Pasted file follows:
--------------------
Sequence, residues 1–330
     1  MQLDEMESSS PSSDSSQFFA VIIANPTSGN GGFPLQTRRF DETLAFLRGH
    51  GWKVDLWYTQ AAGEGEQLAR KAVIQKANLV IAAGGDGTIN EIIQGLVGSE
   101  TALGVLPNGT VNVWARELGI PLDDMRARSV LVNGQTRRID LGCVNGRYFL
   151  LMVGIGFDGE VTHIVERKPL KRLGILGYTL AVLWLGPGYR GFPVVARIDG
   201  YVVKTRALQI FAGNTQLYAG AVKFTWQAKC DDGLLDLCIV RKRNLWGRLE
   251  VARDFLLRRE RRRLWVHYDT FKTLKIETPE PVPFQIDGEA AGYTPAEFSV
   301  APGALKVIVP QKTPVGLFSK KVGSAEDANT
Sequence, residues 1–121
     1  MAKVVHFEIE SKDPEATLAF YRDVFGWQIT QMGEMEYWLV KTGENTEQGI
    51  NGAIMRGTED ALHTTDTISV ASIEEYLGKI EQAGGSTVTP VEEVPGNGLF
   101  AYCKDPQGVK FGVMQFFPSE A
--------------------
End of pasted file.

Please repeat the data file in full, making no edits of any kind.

Sequence, residues 1–330
     1  MQLDEMESSS PSSDSSQFFA VIIANPTSGN GGFPLQTRRF DETLAFLRGH
    51  GWKVDLWYTQ AAGEGEQLAR KAVIQKANLV IAAGGDGTIN EIIQGLVGSE
   101  TALGVLPNGT VNVWARELGI PLDDMRARSV LVNGQTRRID LGCVNGRYFL
   151  LMVGIGFDGE VTHIVERKPL KRLGILGYTL AVLWLGPGYR GFPVVARIDG
   201  YVVKTRALQI FAGNTQLYAG AVKFTWQAKC DDGLLDLCIV RKRNLWGRLE
   251  VARDFLLRRE RRRLWVHYDT FKTLKIETPE PVPFQIDGEA AGYTPAEFSV
   301  APGALKVIVP QKTPVGLFSK KVGSAEDANT
Sequence, residues 1–121
     1  MAKVVHFEIE SKDPEATLAF YRDVFGWQIT QMGEMEYWLV KTGENTEQGI
    51  NGAIMRGTED ALHTTDTISV ASIEEYLGKI EQAGGSTVTP VEEVPGNGLF
   101  AYCKDPQGVK FGVMQFFPSE A